What's new in Infection 0.14.0
Sep 20, 2019
Infection now requires PHP 7.2.9+. If you can’t for some reason upgrade, don’t worry, you can still use previous versions.
Most of the work in
0.14.0 was done to improve stability, performance and DX. However, there are a couple of new features and enhancements.
We made an update to dramatically reduce memory usage by using classes instead of object-like arrays. For example, running Infection for Psalm now takes 58% less memory (
5G instead of
Read this blog post to understand why you should prefer classes.
You can now use whatever precision you want in
--covered-min-msi options without rounding.
The minimum required MSI percentage should be 71.43%, but actual is 71.428571428571%. Improve your tests!
Infection already mutates some of the new operators from PHP 7.4, and we added a couple of new mutators for this new syntax.
- $array = [...$collection, 4];
Basically, it removes all elements from
$collection except the first one to ensure your code uses everything from the
$collection and spread operator is really needed here.
- return $collection;
It is similar to the previous one, but works without spread operator. It leaves only one element in the returned array.
0.13.0, we’ve added a new mutator that converts
mb_* functions to usual ones. PHP 7.4 adds new function -
mb_str_split which will be also mutated to
We have removed self-update command and recommend using PHIVE.
phive install infection
When you want to upgrade infection, run
phive update infection
0.14.0, all mutators are validated by our JSON schema. No more incorrect configuration.
Did you know you can significantly speed up code coverage collecting by using xdebug-filter?— Infection PHP (@infection_php) September 10, 2019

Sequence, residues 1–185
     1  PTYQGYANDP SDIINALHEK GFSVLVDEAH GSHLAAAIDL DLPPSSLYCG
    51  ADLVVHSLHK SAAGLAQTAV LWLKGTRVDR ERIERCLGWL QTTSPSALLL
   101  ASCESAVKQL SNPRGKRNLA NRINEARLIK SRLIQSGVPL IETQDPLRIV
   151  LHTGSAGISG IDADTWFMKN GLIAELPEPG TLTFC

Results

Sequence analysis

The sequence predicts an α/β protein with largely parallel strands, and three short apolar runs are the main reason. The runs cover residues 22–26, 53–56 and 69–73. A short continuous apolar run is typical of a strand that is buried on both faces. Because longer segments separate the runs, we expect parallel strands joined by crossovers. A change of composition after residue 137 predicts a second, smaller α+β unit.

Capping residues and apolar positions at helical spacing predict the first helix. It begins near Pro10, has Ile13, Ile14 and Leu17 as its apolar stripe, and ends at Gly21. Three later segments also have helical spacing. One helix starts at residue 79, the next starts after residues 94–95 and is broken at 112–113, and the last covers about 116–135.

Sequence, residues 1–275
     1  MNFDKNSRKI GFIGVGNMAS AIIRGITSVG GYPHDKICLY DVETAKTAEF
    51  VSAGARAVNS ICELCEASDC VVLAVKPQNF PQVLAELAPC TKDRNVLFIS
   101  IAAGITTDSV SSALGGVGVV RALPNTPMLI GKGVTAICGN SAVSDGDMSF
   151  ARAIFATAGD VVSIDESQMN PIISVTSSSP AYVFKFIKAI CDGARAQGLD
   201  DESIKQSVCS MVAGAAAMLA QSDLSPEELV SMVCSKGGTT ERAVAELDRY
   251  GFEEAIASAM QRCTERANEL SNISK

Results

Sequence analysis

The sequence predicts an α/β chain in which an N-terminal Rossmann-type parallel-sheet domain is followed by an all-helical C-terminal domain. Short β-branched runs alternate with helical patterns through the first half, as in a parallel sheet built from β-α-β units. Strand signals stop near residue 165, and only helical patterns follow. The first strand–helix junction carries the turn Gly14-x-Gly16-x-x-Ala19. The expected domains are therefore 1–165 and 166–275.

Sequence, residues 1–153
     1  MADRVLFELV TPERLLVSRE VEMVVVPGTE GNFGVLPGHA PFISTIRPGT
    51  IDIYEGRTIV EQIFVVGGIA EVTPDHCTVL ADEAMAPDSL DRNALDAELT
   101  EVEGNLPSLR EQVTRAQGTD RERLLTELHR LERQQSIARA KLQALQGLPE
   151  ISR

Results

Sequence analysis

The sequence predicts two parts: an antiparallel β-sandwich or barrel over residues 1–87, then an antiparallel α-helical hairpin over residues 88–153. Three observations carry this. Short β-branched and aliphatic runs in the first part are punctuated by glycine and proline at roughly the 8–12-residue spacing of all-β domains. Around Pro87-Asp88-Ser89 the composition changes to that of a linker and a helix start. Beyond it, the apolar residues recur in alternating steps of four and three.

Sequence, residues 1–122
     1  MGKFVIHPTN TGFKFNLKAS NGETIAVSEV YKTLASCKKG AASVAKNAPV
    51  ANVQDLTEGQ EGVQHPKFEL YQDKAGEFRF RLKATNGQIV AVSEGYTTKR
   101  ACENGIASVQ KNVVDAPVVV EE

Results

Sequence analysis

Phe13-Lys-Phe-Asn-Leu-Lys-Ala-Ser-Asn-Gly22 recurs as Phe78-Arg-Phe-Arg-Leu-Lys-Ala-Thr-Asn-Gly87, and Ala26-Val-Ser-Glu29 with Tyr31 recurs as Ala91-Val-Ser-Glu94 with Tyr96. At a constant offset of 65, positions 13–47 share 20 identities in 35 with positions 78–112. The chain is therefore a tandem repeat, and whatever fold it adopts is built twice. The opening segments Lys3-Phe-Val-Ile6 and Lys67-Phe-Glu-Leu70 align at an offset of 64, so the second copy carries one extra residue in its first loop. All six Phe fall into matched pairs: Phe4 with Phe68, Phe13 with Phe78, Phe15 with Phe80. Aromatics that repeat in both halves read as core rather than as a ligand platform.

With this simple diff, our PHPUnit run is now 30% faster (from 6 to 4 minutes).
Read the blog post by @s_bergmann and @belanur that explains it in details https://t.co/4PWeQrEdIQ pic.twitter.com/8ny2ojLaJT
Our builds are faster now which is a good thing when providing PRs and developing Infection locally.
We recommend you read the mentioned blog post and apply the same approach for your project, or use
pcov for collecting code coverage data.
We have reworked the main entry point of Infection application -
This is how the mutation testing algorithm looks like:
And this is how
InfectionCommand now looks like:
protected function execute(InputInterface $input, OutputInterface $output)
This should help new contributors with understanding the processes inside Infection.
All other enhancements and bugfixes are listed in the changelog: https://github.com/infection/infection/blob/0.14/CHANGELOG.md
We are working really hard to integrate Codeception into Infection. There were major blocker issues and we had to patch Codeception as well to fix them. We really hope to complete the work by
0.15.0 release in the next couple of months.
Currently, Infection is a quite a big project with all the code placed inside one repository. We will definitely split it to several ones.
- First of all, we want to extract all Mutators to a separate package. Read the reasoning here.
- We need to extract Test Framework adapters to separate packages because now it’s not convenient to maintain the code, set package requirements for test framework adapters and update the code (e.g. we can’t say that Infection requires
codeception/codeception: ^3.1.1because not all the users will use Codeception, so it must be a separate package)
Have another great idea? Let us know!